A small glacier in the Arctic region of the Norwegian archipelago Svalbard, as photographed by NASA's Airborne Tropical Tropopause Experiment, one of the regions where ice loss is accelerating. File Photo courtesy of NASA | License Photo
Dec. 6 (UPI) -- Scientists have recently revived several large viruses that had been buried in the frozen Siberian ground (permafrost) for tens of thousands of years.
The youngest virus to be revived was a sprightly 27,000 years old. And the oldest -- a Pandoravirus -- was around 48,500 years old. This is the oldest virus ever to have been revived.
As the world continues to warm, the thawing permafrost is releasing organic matter that has been frozen for millennia, including bacteria and viruses -- some that can still reproduce.
This latest work was by a group of scientists from France, Germany and Russia; they managed to reanimate 13 viruses -- with such exotic names as Pandoravirus and Pacmanvirus -- drawn from seven samples of Siberian permafrost.
Assuming that the samples were not contaminated during extraction (always difficult to guarantee), these would indeed represent viable viruses that had previously only replicated tens of thousands of years ago.
This is not the first time that a viable virus has been detected in permafrost samples. Earlier studies have reported the detection of a Pithovirus and a Mollivirus.
In their preprint (a study that is yet to be reviewed by other scientists), the authors state that it is "legitimate to ponder the risk of ancient viral particles remaining infectious and getting back into circulation by the thawing of ancient permafrost layers." So what do we know so far about the risk of these so-called "zombie viruses"?
All the viruses cultured so far from such samples are giant DNA viruses that only affect amoebae. They are far from viruses that affect mammals, let alone humans, and would be very unlikely to pose a danger to humans.
However, one such large amoebae-infecting virus, called Acanthamoeba polyphaga mimivirus, has been linked to pneumonia in humans. But this association is still far from proven. So it does not appear that the viruses cultured from permafrost samples pose a threat to public health.
A more relevant area of concern is that as the permafrost thaws it could release the bodies of long-dead people who might have died of an infectious disease and so release that infection back into the world.
The only human infection that has been eradicated globally is smallpox and the reintroduction of smallpox, especially in hard-to-reach locations, could be a global disaster. Evidence of smallpox infection has been detected in bodies from permafrost burials but "only partial gene sequences" so broken bits of virus that could not infect anyone. The smallpox virus does, however, survive well when frozen at -20°C, but still only for a few decades and not centuries.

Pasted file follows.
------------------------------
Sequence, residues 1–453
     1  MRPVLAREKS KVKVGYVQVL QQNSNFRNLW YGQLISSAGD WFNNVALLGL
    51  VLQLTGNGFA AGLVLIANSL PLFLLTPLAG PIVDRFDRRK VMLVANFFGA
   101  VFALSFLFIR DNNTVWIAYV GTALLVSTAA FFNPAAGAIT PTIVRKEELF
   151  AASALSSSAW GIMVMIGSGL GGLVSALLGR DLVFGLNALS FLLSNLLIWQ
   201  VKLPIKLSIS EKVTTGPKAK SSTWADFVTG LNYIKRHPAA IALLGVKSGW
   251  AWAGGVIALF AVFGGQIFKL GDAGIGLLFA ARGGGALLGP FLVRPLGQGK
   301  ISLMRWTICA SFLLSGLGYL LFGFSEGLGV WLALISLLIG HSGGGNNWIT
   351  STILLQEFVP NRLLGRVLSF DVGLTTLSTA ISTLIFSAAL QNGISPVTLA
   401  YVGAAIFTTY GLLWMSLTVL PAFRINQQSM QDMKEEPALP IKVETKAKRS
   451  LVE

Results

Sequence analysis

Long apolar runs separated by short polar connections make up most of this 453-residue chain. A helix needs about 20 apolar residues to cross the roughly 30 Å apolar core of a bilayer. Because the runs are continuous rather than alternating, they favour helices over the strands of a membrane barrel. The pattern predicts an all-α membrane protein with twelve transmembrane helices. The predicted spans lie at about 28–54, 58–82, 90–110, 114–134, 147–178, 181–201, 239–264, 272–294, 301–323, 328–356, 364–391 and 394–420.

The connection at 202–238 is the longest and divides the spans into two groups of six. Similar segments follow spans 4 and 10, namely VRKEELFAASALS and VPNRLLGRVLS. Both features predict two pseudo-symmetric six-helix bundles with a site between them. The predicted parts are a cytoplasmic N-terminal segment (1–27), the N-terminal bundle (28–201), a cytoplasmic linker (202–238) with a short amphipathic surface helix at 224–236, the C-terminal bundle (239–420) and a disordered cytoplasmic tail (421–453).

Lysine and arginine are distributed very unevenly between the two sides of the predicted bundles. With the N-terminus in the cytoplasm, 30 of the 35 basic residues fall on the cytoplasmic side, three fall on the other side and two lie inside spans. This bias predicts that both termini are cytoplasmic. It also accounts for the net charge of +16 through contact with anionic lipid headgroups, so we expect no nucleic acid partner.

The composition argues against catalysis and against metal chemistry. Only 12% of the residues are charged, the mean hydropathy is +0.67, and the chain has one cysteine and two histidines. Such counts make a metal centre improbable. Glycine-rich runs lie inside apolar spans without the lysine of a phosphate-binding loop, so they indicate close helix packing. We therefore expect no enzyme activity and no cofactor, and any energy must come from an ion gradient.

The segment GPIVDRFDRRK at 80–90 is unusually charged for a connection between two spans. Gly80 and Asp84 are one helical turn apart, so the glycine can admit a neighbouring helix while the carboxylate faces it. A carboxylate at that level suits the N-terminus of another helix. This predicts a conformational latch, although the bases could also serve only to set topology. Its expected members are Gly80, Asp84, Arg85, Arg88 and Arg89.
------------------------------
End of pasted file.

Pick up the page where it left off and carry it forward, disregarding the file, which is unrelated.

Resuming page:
In the last couple of decades, scientists have exhumed the bodies of people who died from the Spanish flu and were buried in permafrost-affected ground in Alaska and Svalbard, Norway. The influenza virus was able to be sequenced but not cultured from the tissues of these deceased people. Influenza viruses can survive for at least a year when frozen but probably not several decades.
Other types of pathogen, such as bacteria, could be a problem, though. Over the years, there have been several outbreaks of anthrax (a bacterial disease that affects livestock and humans) affecting reindeer in Siberia.
There was a particularly large outbreak in 2016 that led to the deaths of 2,350 reindeer. This outbreak coincided with a particularly warm summer, which led to the suggestion that anthrax released from thawing permafrost may have triggered the outbreak.
Identified outbreaks of anthrax affecting reindeer in Siberia date back to 1848. In these outbreaks, humans were also often affected from eating the dead reindeer. But others have highlighted alternative theories for these outbreaks that do not necessarily rely on thawing permafrost, such as stopping anthrax vaccination and overpopulation by reindeer.
Even if permafrost thawing was triggering anthrax outbreaks that had serious effects on the local population, anthrax infection of herbivores is widespread globally, and such local outbreaks are unlikely to trigger a pandemic.
Another concern is whether antimicrobial-resistant organisms could be released into the environment from thawing permafrost. There is good evidence from multiple studies that antimicrobial resistance genes can be detected in samples of permafrost. Resistance genes are the genetic material that enable bacteria to become resistant to antibiotics and can be spread from one bacterium to another. This should not be surprising, as many antimicrobial resistance genes have evolved from soil organisms that predate the antimicrobial era.
However, the environment, especially rivers, is heavily contaminated with antimicrobial-resistant organisms and resistance genes. So it is doubtful that antimicrobial resistance bacteria thawing from the permafrost would contribute greatly to the already great abundance of antimicrobial resistance genes already in our environment.
Paul Hunter is a professor of medicine at the University of East Anglia.
This article is republished from The Conversation under a Creative Commons license. Read the original article.
The views and opinions expressed in this commentary are solely those of the author.